Wild McDonald too rested for his own good


June 18, 1995|By Jim Henneman | Jim Henneman,Sun Staff Writer

What Ben McDonald found out Friday night -- again -- is little more than a basic fact of pitching life. When it comes to the proper amount of rest between starts, five days is too much and three is not enough. At least that's the accepted theory.

The problem, however, is at least as much mental as it is physical. And, in this instance, it may have been complicated by a premature decision that had to be changed.

Manager Phil Regan would've liked McDonald to have made his last start on three days of rest, one day earlier than normal. That would've allowed the Orioles to use their three best pitchers -- Kevin Brown, Mike Mussina and McDonald -- against the power-laden Cleveland Indians.

As it turned out, the Orioles didn't score enough runs for it to matter.

After McDonald threw only 103 pitches while beating California a week ago tonight, Regan said he would come back to face the Indians four days later. That used to be normal procedure before somebody (does anybody remember who it was?) invented the five-man rotation.

It seemed like a good idea, and the right thing to do at the time. But two days later, McDonald informed Regan he didn't think his arm would bounce back that fast.

Since the rotation already had been announced, some interpreted McDonald's decision to forgo the earlier start as a way to dodge the Indians' potent lineup. Ducking certain opponents, however, hasn't been among McDonald's faults.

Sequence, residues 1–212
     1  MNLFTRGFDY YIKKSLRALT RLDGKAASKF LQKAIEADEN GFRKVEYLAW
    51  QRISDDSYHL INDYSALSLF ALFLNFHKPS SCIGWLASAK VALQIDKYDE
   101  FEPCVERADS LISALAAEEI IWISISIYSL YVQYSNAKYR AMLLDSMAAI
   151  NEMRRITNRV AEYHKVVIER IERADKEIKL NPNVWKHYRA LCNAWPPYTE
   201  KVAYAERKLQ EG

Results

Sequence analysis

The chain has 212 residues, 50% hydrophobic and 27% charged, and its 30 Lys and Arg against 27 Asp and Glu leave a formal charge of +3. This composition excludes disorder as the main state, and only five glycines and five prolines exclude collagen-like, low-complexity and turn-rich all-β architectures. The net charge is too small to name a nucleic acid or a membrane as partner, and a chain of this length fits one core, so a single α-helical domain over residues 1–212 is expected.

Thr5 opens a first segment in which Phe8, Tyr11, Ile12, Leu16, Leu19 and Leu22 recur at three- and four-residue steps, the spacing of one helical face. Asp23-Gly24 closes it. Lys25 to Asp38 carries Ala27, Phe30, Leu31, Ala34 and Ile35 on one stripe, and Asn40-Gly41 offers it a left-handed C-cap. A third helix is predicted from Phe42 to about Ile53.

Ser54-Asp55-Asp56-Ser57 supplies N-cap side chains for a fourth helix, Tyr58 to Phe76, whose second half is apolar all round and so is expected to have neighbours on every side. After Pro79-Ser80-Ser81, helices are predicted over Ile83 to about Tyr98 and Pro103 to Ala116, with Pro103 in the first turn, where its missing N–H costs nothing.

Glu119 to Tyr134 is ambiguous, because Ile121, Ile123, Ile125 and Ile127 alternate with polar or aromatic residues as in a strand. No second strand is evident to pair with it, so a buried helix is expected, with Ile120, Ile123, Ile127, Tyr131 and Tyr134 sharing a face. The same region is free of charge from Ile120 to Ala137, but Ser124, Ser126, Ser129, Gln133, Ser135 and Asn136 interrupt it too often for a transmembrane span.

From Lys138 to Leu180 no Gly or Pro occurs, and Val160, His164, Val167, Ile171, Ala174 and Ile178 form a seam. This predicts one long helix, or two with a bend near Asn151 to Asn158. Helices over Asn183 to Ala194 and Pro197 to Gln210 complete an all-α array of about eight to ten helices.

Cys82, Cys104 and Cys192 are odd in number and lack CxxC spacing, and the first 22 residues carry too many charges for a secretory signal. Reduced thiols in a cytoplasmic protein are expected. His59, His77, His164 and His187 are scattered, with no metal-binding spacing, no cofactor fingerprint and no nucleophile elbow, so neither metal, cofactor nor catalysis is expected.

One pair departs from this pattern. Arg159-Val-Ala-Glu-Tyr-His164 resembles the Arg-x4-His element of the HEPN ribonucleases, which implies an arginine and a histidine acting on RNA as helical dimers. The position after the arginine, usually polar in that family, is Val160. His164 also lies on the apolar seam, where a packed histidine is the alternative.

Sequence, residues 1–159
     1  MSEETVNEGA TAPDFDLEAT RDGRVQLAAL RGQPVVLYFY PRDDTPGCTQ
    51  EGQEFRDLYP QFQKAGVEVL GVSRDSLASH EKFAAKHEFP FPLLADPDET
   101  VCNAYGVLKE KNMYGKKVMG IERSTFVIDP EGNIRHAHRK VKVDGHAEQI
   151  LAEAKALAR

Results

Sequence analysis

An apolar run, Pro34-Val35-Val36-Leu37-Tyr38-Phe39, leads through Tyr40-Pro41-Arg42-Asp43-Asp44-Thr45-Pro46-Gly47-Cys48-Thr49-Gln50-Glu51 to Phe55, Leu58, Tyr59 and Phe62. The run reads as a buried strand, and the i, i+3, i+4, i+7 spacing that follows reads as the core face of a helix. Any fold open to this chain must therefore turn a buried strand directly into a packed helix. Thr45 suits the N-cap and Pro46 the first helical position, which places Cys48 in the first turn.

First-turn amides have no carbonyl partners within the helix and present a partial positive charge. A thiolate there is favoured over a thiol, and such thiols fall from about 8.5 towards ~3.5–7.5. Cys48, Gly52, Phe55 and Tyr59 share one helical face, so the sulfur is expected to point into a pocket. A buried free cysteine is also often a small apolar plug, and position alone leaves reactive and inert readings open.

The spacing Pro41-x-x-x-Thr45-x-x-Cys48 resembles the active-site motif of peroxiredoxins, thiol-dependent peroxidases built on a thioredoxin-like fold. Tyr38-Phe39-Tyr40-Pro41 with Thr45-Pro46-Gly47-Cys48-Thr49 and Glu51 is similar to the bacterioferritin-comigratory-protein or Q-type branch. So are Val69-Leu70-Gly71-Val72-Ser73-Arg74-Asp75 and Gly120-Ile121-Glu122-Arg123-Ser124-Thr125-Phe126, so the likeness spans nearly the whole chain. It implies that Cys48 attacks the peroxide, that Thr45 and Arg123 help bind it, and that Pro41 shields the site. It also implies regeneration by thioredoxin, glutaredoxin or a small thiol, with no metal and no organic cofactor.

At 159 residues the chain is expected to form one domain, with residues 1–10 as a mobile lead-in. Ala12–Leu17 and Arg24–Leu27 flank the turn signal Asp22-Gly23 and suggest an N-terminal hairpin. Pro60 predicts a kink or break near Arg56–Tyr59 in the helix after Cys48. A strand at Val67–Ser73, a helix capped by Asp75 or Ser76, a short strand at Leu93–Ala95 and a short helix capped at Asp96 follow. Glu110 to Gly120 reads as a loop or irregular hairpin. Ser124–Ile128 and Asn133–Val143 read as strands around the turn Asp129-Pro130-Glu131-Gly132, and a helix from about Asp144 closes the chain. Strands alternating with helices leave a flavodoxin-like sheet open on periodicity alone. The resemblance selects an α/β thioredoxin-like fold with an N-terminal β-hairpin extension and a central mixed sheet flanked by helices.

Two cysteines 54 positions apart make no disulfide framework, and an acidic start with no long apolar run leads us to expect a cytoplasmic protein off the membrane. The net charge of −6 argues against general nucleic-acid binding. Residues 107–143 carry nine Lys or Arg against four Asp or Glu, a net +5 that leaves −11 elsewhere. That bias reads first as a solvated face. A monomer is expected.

Using hindsight, it would have been better had Regan waited to see how McDonald reacted to his previous start before deciding to move him up a day. And, again using hindsight, it became obvious very early Friday night that McDonald would have been better off facing the Indians on insufficient rest rather than the Tigers on too much rest.

Earlier in the season, McDonald himself had said that pitching on the sixth day, rather than the fifth, left him too strong. The tendency to overthrow is natural and control becomes a rumor rather than an asset.

In the first inning against the Tigers, McDonald didn't have a clue. On two of the occasions when he did find the strike zone, the ball traveled long distances, giving the Tigers a quick 3-0 lead.

Of the first 53 pitches thrown by McDonald, only 19 were strikes. That only highlighted a first-inning intentional walk to Bobby Higginson, a .218 hitter who had been hitless in his previous 16 at-bats, and a subsequent unintentional pass to .182-hitting Ron Tingley.

It's to McDonald's credit that he managed to last until the seventh inning. The Orioles had many opportunities to win the game they eventually lost, 5-3, but how many times have you heard that line?

The hard, cruel facts are that the Orioles have lost eight of the 10 games McDonald has started this year. They are 7-13 in the 20 starts made by Mussina and McDonald, who went into the season as Nos. 1 and 2 in the rotation but now rank behind Brown, who easily has been the most consistent starter.

Considering his previous experiences, McDonald shouldn't have needed a reminder, but might have learned a lesson from his most recent experience. Given the choice between pitching with too little or too much rest, taking the former should be a no-brainer.

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